My Grass Seed Is Not Growing

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If you recently seeded your lawn with new grass seed, but it is not showing signs of healthy growth, obviously something is wrong. Generally, grass is not among the more difficult things to grow, but it does require certain criteria to grow properly. Depending on the climate in which you live, your landscaping and the care you take to promote the growth, your grass will respond differently. Knowing the best approach for producing a green, healthy yard will save you time and frustration.

Planting Time

All grasses are not created equal. They grow at different times of the year and are suited to very different climate conditions. Make sure you are matching the proper type of grass with the climate you live in. Otherwise, the grass will not grow. Also, you must plant your species of grass at the right time. If you live in a mild climate, you will likely be choosing a type of grass known as cool-season grass. Ask someone at your local seed store what types are suitable for your area. Cool season grasses grow in the spring and you must plant them in the late summer or fall. You may plant some varieties in very early spring. Warn season grasses are better suited for places with hot summers. These grasses grow later in the year and require late spring planting.

Poor Soil Preparation

The soil must be prepared in advance of seeding to give you the best chance at good growth. You should loosen up the soil several inches deep and mix in any soil brought in from elsewhere thoroughly with the existing soil. Do not overseed the area for a new stand of grass or it will cause the individual grass blades to compete too much over available soil and nutrients, which could damage all of the grass and prevent it from growing well.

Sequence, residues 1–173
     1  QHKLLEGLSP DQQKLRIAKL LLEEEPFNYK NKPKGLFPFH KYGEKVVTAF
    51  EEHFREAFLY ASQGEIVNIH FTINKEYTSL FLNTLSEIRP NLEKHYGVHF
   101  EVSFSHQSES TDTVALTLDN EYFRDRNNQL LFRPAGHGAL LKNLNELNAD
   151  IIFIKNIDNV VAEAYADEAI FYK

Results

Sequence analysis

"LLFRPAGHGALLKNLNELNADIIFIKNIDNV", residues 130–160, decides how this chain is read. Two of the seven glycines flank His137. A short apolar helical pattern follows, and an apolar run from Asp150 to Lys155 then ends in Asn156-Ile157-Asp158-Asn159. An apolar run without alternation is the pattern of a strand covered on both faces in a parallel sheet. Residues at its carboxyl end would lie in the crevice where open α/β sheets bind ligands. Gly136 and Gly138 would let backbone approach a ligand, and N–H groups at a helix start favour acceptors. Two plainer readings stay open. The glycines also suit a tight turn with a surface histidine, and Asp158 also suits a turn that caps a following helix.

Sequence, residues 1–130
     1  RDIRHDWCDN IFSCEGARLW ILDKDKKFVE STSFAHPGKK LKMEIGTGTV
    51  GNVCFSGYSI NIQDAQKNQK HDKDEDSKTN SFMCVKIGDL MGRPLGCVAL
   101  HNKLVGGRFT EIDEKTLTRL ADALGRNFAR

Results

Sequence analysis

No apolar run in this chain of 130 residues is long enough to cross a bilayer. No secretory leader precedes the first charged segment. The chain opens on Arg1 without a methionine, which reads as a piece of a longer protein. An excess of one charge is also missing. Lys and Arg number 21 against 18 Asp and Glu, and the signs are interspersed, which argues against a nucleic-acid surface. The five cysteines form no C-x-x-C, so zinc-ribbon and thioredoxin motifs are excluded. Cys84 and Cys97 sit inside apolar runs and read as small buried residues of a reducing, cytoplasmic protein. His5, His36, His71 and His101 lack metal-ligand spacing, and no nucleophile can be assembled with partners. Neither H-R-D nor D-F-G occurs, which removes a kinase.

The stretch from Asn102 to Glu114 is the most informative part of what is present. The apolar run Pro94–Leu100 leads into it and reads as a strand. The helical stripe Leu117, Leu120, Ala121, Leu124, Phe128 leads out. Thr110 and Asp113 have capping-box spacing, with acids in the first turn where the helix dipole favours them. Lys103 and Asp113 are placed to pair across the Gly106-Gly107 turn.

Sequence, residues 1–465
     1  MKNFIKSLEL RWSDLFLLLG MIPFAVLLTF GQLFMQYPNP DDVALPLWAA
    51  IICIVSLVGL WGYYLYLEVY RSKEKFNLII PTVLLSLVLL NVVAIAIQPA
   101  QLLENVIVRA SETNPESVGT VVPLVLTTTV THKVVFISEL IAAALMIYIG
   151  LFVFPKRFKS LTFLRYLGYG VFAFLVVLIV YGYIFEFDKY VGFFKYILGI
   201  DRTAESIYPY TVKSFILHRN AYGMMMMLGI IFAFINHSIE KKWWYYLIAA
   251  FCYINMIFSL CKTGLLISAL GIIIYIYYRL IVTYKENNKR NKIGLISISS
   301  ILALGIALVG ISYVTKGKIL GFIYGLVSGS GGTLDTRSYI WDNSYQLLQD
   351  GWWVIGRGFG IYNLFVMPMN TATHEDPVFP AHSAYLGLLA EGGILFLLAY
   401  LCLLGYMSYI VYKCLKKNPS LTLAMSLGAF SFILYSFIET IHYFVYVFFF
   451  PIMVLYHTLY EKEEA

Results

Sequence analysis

Proper Watering

Not giving your grass seed a proper first watering could prevent it from growing. This step is among the most important parts of growing a healthy lawn from scratch. You should water the soil gently and apply enough water so that the top 6 to 8 inches of soil are damp to help settle the seed into the earth and get it in the prime condition for germination. Water the seed gently to avoid washing it away or creating puddles on the ground. You may need to apply water several times in a row to get the desired moisture, depending on the soil's ability to drain and its make-up.


If you've ever noticed that many lawns have bare spots with little or no grass under trees, there is a good reason for this. Grass seed needs sunlight. If shade trees cover your lawn, forming a canopy that lets very little light hit the ground, you will have a lot of trouble getting a thick stand of grass to develop. If your seed is not growing in shaded areas of your lawn, this is most likely the reason.

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